Students have tackled a variety of issues in their projects, including recycling in various student communities; creating campaigns to educate the community about issues related to consumption (including the 37 gallons of water it takes to produce a single cup of coffee, from seed to coffee cup), and the savings gained by switching to energy-efficient compact fluorescent light bulbs.
One initiative aims to make all products sold inside Scott Stadium recyclable or compostable, thus eliminating the need for trash cans. Other students researched the feasibility of a bike-sharing program on Grounds and a one-time bike-repair clinic. Others advocate harnessing the kinetic energy generated by the stationary bikes and rowing and elliptical machines in U.Va.'s Aquatic and Fitness Center.
Students also are promoting partnerships for local schools and farmers to offer fresh and nutritious Virginia-grown products; helping create a "green club" at a local middle school to teach the next generation about sustainable living; and starting a program to engage students at Agnor-Hurt and Johnson elementary schools in recycling.
Carla Jones, a first-year architecture graduate student in the Department of Urban and Environmental Planning and one of the course's teaching assistants, was an undergraduate in 2008 when she took the University Seminar that provided the basis for the "Global Sustainability" course.
"Before taking that course, I knew very little about sustainability, but really found a passion through my project in that course," she said. "It taught me the concept of systems thinking and how to approach some of these very challenging problems. Since then I have focused my studies in urban and environmental planning around environmental sustainability."
After the class was offered in fall 2009, she and seven other student leaders carried through on an end-of-semester discussion about the need for additional courses and hit upon the idea of developing a University minor in global sustainability.
Marshall, an electrical engineering professor in the School of Engineering and Applied Science, sponsored an independent study for the students to research the resources available at U.Va. for a sustainability minor and also to look at sustainability minors at other institutions.
"The students did a remarkable job, interviewing virtually every faculty member who seemed to have an interest, meeting with representatives from the provost's office and that of the Vice President for Research," Marshall said.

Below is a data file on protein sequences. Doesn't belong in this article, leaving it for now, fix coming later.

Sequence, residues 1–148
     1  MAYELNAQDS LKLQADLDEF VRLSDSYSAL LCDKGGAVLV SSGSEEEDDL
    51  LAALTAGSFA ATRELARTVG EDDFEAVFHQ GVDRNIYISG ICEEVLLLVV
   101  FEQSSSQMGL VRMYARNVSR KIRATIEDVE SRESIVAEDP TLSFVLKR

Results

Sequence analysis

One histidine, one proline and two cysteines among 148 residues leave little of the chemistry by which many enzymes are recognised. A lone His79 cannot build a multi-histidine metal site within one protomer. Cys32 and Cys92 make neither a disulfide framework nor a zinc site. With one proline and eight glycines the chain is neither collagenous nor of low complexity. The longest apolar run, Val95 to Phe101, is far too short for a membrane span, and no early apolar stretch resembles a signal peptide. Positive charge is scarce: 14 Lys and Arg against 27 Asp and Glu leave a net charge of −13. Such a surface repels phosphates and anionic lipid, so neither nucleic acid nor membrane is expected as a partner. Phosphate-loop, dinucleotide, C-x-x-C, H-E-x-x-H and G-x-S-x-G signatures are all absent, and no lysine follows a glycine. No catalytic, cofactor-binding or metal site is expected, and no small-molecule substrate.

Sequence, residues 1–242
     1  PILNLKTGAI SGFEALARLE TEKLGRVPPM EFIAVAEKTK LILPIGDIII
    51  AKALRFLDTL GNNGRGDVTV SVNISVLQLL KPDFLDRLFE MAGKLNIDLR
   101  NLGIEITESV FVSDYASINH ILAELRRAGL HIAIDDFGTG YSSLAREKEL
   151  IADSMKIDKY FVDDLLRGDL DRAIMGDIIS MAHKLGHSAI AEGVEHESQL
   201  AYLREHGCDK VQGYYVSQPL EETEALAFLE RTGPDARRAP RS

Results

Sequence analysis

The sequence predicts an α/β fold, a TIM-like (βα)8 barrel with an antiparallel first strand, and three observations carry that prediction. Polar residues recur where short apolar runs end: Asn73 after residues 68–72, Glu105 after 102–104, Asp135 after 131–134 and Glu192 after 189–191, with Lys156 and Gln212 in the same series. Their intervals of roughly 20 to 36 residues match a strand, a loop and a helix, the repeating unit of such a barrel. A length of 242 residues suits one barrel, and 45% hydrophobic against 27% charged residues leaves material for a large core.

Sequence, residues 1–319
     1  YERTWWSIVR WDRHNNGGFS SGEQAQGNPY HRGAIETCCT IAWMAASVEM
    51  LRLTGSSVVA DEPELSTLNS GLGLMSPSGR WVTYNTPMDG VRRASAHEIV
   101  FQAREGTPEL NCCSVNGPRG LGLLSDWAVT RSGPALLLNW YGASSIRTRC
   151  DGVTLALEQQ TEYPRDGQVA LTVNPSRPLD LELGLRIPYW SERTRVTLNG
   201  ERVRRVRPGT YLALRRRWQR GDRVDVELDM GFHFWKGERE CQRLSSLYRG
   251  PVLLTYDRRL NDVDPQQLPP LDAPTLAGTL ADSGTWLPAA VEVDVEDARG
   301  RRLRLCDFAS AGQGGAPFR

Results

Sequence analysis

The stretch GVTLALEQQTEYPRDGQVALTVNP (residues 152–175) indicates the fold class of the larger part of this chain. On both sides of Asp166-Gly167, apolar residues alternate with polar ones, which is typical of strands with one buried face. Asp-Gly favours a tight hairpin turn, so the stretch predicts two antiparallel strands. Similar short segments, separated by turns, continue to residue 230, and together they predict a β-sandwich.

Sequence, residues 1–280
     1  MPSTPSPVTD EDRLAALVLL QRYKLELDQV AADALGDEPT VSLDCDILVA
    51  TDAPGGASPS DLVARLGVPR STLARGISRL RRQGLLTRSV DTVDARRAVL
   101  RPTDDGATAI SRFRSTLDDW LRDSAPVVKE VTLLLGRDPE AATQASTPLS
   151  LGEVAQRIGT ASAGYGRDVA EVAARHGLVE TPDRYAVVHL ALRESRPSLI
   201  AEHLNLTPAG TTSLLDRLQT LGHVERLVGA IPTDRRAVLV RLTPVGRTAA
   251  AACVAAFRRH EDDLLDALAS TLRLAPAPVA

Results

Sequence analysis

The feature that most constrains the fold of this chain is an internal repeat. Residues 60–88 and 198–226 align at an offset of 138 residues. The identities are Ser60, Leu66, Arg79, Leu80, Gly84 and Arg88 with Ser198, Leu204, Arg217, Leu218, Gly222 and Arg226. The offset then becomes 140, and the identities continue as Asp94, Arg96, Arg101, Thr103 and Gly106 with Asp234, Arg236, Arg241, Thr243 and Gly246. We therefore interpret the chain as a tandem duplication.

The students created a report that they presented to University administrators and are working through the final details to have the University offer an interdisciplinary sustainability minor with involvement from all the schools at the University.
"Global Sustainability" would be the required foundation course for the minor; the students would then have a range of courses from various disciplines to choose from, with options within different categories and a mandatory practicum at the end, Crisman said.
A governing board with representatives from the University's six undergraduate schools is in place, and the minor will have its administrative home in the School of Architecture, once necessary approvals by the faculty and University are obtained.
Students will present their projects on Dec. 16, from 9 a.m. to noon, in Campbell Hall, rooms 135, 158, 302 and exhibition room C, and many community and University mentors are invited.
George P. Mitchell of Houston provided a significant gift to enable the University to launch the course, and through his continued generosity U.Va. has been able to offer the course now for three years, serving more than 300 students.
Mitchell is a long-time champion of sustainability at a national level through his work in energy, his development of The Woodlands outside of Houston and his philanthropy, most notably at Texas A&M University and the National Academies of Science, in addition to U.Va., where he supports this course and urban and environmental planning professor Timothy Beatley's research in sustainable cities.
The University will seek additional private funds to continue the course and develop the new minor in Global Sustainability.